For more than a decade now Malaga’s Diversity Control Centre – which is part of the council’s Environmental Sustainability Department – has been fighting to preserve and protect the common chameleon as a species in the area by reintroducing them into different woodland areas such as Los Almendrales and the Cerrado de Calderón forestry park.
On Tuesday this week the project took another step forward when five more pairs were released, taking advantage of the fact that this is still the mating season, which runs from May to early October.
“We are hoping that they will mate and lay eggs because this species is vulnerable, even though it is not protected as being in danger of extinction,” explained Enrique Nadales, the head of the deparment’s Biodiversity section.
The idea of doing this was first proposed in 2009, but it took two years to get the plan off the ground. Since then, nearly 900 chameleons have been released. The decision about where to release them has to be considered carefully and is based on their origins because the populations must not be varied. “We look at environmentally suitable factors for them such as the vegetation, the soil and the shade,” Nadales said.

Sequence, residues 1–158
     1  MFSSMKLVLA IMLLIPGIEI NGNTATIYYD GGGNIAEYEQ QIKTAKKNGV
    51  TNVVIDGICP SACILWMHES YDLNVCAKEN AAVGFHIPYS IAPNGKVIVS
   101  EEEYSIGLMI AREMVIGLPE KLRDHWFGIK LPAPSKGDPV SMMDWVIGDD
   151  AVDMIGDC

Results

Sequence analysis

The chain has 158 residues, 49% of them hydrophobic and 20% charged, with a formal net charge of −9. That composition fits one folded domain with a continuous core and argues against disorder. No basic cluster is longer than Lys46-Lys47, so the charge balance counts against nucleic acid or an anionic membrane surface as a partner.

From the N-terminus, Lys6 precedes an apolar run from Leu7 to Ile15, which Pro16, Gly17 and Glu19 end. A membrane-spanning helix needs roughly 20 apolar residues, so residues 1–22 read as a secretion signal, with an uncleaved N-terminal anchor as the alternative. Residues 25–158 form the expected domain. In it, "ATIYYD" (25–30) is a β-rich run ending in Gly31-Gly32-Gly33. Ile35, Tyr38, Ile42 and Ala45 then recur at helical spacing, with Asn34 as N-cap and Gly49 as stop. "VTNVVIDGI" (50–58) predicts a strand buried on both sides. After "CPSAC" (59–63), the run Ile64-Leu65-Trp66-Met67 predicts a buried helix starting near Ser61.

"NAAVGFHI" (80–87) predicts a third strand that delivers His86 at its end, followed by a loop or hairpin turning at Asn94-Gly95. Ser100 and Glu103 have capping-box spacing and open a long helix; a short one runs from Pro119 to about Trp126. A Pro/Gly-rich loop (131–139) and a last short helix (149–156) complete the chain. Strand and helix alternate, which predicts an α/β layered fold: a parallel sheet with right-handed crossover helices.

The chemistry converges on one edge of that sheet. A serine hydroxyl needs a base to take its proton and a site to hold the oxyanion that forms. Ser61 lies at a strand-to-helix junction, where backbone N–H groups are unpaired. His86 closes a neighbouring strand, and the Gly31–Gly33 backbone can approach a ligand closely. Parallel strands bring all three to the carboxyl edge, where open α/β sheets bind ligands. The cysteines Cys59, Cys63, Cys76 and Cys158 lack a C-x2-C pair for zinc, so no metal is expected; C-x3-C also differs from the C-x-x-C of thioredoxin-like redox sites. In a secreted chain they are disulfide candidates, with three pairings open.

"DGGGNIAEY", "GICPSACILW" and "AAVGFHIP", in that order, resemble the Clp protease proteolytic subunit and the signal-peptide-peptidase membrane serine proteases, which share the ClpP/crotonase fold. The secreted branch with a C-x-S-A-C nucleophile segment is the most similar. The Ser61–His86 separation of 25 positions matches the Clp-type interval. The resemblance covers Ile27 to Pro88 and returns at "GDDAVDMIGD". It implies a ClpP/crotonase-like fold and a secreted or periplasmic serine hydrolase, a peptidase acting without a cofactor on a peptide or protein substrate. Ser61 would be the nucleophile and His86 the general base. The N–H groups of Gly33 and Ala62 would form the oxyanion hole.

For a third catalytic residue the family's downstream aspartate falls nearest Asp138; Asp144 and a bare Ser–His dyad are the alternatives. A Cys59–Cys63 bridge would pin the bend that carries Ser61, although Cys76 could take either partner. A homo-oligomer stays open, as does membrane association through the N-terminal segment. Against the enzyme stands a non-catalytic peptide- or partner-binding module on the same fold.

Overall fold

Chameleons usually like spaces where there are bushes, with plenty of sunshine and with small flowering plants which attract insects on which they can feed. However, members of the public are asked not to disturb them if they happen to see any.
“We invite people to collaborate with us and let us know if any chameleon appears to be in danger. We have the expertise to look after them and return them to where they should be,” said the councillor for the Environment, Francisco Cantos.